Author Topic: Yeast smell  (Read 141 times)

Offline j-bon3

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Yeast smell
« on: June 13, 2015, 01:44:07 AM »
So... firstly I am brand new to the forum and brand new to cheese making. My wife has gotton me a basic kit as we both enjoy cheese but good cheeses are hard to find where we live (like not even a cheddar or gouda available). I have done some reading and know that precision is key but also I tried to  make do with what is available and learn as I go along.
So the first try was supposed to be an instant "soft cheese" but because heavy cream is also not available we decided on a semi-hard cheese- Jack cheese from the book 'artisan cheese making at home' by Mary Kalin. Instead of cows's milk we used pasturised full cream buffalo milk which is the most accessible here. The cheese is a cooked curd method and the starter culture used was a meophyl MA 101 (1 packet) and about 1.7 gallons of milk. During the cooking I did stray a few degrees above the recipe 110 farenheit (recommended was 104 farenheit) for a few minutes (our kid was uber busy that day in the kitchen- turn ur back for a second...)

So after the salt rub the cheese was air dried on a rack for 1 day (temp was a bit warm) but it did not really expell oil, although the sides got drier than the top and bottom. Now it has been in a ripening box in the fridge for 4 days, the cheese is not really too moist on the surface, but there is condensation on the box and the temp is around 55 degrees. But i have noticed the smell of yeast inside the box but no mould really. Is the environment too moist? is my cheese contaminated? (we don't make bread so no yeast lying around). Are these harder rind sections ok? how long should i keep it in there? (was planning on 4 weeks) Will the cheese still taste good? as we saving a bottle of wine just for a cheese tasting here...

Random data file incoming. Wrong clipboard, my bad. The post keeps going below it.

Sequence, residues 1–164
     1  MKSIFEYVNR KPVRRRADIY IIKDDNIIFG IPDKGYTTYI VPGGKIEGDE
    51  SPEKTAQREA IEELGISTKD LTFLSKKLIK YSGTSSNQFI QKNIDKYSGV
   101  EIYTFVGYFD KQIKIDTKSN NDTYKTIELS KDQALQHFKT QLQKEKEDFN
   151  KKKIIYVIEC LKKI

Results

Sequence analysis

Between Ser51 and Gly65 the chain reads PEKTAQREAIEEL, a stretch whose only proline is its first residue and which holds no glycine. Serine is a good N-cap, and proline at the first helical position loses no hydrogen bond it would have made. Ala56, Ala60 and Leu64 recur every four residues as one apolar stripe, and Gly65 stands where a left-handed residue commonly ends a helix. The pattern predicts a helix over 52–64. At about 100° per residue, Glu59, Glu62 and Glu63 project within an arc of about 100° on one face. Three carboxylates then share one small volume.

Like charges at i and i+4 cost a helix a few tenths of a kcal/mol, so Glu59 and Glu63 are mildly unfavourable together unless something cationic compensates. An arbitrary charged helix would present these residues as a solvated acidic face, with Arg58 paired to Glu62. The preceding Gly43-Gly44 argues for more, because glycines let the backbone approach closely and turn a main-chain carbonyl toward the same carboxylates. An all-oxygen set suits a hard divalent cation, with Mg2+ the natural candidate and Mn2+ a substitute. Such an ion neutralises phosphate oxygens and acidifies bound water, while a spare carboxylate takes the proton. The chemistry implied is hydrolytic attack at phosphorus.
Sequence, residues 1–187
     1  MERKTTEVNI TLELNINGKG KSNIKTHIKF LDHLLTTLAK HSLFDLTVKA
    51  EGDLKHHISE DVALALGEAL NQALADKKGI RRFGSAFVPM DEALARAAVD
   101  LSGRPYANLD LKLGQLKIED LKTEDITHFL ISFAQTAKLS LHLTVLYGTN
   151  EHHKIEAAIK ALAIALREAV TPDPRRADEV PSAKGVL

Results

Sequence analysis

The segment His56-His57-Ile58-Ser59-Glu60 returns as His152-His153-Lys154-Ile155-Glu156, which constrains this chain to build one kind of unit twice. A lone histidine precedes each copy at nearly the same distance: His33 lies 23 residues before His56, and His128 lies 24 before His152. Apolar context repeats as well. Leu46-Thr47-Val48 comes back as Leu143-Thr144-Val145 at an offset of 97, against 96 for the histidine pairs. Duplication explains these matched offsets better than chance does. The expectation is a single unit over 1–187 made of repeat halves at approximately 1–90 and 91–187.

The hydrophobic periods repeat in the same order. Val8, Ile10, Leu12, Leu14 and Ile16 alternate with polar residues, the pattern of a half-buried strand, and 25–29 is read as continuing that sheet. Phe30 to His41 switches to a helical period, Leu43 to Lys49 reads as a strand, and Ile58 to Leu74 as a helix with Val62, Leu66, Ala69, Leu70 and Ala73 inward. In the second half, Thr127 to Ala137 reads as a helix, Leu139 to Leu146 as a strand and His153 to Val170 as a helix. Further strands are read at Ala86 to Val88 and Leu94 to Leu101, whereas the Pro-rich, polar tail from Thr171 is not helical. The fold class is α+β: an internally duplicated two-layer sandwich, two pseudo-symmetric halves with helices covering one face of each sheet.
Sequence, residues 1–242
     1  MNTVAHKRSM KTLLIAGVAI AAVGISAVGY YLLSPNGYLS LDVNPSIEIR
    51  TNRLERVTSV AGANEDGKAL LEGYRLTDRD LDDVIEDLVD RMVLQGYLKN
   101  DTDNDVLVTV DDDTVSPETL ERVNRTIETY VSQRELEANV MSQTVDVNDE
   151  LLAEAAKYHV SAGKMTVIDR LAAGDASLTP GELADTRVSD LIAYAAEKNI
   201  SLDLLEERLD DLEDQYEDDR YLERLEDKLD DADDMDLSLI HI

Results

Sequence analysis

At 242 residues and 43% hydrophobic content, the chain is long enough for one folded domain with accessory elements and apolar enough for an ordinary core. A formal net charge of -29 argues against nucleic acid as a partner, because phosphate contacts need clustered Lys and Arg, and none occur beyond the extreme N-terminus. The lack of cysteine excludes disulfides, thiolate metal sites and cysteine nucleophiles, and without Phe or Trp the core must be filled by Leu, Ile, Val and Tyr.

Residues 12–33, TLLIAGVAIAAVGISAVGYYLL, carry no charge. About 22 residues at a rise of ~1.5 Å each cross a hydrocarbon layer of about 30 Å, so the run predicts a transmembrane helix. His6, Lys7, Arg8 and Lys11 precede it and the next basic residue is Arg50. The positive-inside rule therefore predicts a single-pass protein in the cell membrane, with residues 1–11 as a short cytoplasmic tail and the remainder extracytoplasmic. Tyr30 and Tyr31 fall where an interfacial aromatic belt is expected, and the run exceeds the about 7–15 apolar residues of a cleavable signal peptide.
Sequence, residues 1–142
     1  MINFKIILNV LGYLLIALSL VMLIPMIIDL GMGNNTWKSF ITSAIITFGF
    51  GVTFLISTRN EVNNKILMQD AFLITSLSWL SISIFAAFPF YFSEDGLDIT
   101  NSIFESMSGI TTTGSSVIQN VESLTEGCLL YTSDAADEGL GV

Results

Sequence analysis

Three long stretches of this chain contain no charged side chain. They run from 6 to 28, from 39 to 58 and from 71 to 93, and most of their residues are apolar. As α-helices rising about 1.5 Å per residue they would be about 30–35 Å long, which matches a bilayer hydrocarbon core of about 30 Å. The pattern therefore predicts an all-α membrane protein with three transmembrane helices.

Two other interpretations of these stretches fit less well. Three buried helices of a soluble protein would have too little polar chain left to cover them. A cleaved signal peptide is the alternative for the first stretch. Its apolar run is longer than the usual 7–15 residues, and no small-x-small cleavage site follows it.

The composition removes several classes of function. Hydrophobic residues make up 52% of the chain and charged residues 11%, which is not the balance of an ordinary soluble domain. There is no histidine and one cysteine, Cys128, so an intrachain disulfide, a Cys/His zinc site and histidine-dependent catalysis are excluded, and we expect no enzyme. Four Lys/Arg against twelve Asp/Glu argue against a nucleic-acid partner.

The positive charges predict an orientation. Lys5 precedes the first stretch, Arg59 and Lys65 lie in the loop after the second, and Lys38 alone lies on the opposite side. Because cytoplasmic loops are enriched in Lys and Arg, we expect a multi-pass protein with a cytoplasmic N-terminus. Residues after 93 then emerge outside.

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Re: Yeast smell
« Reply #1 on: June 13, 2015, 03:58:54 AM »
Hi J-Bon. Welcome to the forum and welcome to cheese making.
A few observations on your concerns:
    While precision is important, we all have lapses in concentration every now and then. Usually this is not disasterous.
    That being said, 110F is rather high for a mesophilic culture and could be a problem although, if it was only for a brief time, you could be OK.
    I would not expect a cheese to expell oil.
    The Temperature sounds right and a little condensation shouldn't be a problem if the surface of the cheese is not wet and you are not getting moisture in the bottom of the container. If that should happen, you can open the lid a little to reduce humidity.
    I don't think the dry patches sound like a problem and, similarly, the smell doesn't sound like a cause for concern. I would certainly not assume that your cheese is contaminated.
    Four weeks sounds quite short. I am not familiar with Jack but your recipe should give you an indication of how long to age it for. If you want a shorter aging cheese a Caerphilly might be worth considering: ready in as little as 3 weeks.
I would suggest sticking with it and seeing how it progresses.
Good Luck
- Andrew

Offline j-bon3

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Re: Yeast smell
« Reply #2 on: June 13, 2015, 04:17:15 AM »
Thanks so much... i suppose paranoia is also a real problem especially for beginners as the exitement is also high, I will watch the temp on the next batch more carefully. As to the aging time, the recipe calls for 2-6 weeks so i'm not sure if i should go for a bit longer but also i would like to taste test as part of my learning process. However, can this be done for 6 weeks plus?? if so should i alter any maturing procedures as the recipe calls for daily flipping and no other additions, such as washing, salt rubbing, oil coating/rubbing etc??